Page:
This study is part of the project “How Can Teachers Aid Students Towards Scientific Reasoning” funded by the Swedish Research Council.
Issues and Trends
Describing and analyzing learning in action: An empirical study of the importance of misconceptions in learning science†
Article first published online: 22 AUG 2007
Copyright © 2007 Wiley Periodicals, Inc.
Volume 92, Issue 1, pages 141–164, January 2008
How to Cite
Hamza, K. M. and Wickman, P.-O. (2008), Describing and analyzing learning in action: An empirical study of the importance of misconceptions in learning science. Sci. Ed., 92: 141–164. doi: 10.1002/sce.20233
- Issue published online: 7 DEC 2007
- Article first published online: 22 AUG 2007
- Manuscript Revised: 2 JUL 2007
- Manuscript Accepted: 2 JUL 2007
- Manuscript Received: 28 NOV 2006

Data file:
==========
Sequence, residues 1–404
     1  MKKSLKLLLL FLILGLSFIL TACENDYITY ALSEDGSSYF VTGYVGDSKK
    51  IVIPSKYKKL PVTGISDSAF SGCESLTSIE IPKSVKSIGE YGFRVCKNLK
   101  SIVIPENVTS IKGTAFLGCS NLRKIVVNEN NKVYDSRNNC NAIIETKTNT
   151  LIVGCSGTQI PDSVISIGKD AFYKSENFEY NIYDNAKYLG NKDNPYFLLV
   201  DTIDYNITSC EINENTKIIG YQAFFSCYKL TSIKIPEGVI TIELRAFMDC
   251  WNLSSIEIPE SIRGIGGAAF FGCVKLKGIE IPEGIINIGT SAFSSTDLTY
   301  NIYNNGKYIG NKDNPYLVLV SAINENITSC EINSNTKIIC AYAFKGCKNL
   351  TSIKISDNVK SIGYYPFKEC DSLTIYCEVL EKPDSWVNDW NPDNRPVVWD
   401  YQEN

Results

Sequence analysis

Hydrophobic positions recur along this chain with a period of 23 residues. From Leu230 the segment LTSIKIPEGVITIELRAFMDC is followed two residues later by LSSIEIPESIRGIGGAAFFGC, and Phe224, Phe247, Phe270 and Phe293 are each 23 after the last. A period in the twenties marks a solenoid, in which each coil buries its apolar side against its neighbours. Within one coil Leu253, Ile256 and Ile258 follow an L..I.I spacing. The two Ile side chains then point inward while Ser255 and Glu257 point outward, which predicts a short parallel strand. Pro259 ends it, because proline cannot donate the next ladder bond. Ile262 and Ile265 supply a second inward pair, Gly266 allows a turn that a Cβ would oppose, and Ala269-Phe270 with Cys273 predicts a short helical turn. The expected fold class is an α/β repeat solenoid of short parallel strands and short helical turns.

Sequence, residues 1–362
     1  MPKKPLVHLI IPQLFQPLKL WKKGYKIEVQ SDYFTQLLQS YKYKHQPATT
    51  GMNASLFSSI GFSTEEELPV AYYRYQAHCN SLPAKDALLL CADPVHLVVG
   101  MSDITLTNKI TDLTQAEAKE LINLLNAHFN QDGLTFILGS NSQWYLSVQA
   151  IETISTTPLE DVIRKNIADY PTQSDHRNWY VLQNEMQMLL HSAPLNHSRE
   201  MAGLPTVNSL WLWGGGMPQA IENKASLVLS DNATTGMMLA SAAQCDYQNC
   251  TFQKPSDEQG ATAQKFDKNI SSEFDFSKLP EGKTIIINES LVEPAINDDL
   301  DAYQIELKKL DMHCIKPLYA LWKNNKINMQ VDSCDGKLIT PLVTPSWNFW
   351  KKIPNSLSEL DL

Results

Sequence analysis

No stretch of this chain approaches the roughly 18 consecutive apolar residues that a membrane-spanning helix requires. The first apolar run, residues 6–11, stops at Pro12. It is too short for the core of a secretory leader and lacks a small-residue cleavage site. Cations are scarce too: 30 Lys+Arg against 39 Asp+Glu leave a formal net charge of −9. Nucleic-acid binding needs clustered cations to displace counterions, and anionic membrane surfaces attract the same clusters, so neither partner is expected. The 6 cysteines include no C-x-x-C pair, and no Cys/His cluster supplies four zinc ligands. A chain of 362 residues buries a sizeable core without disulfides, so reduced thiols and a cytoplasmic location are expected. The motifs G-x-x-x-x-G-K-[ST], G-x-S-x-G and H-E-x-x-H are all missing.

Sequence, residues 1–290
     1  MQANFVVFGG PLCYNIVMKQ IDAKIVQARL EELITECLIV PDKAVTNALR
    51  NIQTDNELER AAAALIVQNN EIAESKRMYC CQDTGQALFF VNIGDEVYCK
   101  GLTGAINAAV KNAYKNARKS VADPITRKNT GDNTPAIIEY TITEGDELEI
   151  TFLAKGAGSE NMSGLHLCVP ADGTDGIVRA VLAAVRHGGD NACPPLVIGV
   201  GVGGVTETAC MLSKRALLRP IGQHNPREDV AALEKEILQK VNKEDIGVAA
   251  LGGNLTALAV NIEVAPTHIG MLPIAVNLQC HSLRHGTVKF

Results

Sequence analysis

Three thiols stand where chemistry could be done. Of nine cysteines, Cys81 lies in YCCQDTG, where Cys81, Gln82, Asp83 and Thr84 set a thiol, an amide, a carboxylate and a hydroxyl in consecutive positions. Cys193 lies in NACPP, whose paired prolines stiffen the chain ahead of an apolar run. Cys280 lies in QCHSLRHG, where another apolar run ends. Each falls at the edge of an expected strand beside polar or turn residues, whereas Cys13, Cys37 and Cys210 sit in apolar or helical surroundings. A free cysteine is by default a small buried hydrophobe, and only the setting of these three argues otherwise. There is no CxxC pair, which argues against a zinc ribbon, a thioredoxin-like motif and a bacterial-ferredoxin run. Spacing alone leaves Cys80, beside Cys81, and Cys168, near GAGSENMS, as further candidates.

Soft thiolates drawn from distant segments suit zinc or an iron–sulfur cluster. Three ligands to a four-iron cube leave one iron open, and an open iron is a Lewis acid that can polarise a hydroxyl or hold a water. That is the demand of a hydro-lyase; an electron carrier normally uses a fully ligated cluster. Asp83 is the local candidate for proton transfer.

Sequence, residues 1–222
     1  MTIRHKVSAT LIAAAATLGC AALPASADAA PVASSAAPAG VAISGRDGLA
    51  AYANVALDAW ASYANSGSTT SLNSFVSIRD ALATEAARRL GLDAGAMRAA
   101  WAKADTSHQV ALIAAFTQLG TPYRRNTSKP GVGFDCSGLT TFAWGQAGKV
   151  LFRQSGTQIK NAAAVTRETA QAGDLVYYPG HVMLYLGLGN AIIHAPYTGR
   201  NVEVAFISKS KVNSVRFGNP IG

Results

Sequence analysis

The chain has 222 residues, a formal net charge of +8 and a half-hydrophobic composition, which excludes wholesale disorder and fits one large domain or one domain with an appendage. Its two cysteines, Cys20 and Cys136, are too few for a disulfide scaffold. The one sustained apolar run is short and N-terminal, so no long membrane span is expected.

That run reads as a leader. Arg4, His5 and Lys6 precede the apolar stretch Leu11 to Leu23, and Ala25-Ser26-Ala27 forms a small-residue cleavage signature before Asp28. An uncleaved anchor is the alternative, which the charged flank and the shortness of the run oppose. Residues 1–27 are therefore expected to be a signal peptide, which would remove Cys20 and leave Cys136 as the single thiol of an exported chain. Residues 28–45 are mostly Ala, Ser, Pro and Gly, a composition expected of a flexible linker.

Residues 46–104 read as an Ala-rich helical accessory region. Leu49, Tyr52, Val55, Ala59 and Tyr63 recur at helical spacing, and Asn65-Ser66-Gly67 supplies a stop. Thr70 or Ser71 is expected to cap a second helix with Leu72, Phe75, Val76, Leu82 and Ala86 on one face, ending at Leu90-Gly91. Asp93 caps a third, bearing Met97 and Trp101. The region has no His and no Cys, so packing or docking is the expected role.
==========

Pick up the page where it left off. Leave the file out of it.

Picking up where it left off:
Although misconceptions in science have been established in interview studies, their role during the learning process is poorly examined. In this paper, we use results from a classroom study to analyze to what extent nonscientific ideas in electrochemistry that students report in interviews enter into their learning in a more authentic setting. We audio-recorded talk between eight pairs of Swedish upper secondary students during a practical on electrochemical cells. Learning was operationalized on a discursive level as a description of what students do and say when taking part in an activity. This enabled an analysis of how encounters with misconceptions influenced the development of students' reasoning, compared to other encounters during the learning experience. Misconceptions did not constrain the development of students' reasoning. Rather, their reasoning developed in response to the contingencies of the specific situation. When misconceptions were encountered, they appeared as alternatives and questions not actively defended. Sometimes, encounters with these misconceptions were generative of the students' reasoning. The results indicate that demonstrating misconceptions in interviews is not enough to assume that they interfere with learning in other contexts. Educational implications and future lines of research based on these findings and on the methodology applied are discussed. © 2007 Wiley Periodicals, Inc. Sci Ed92:141–164, 2008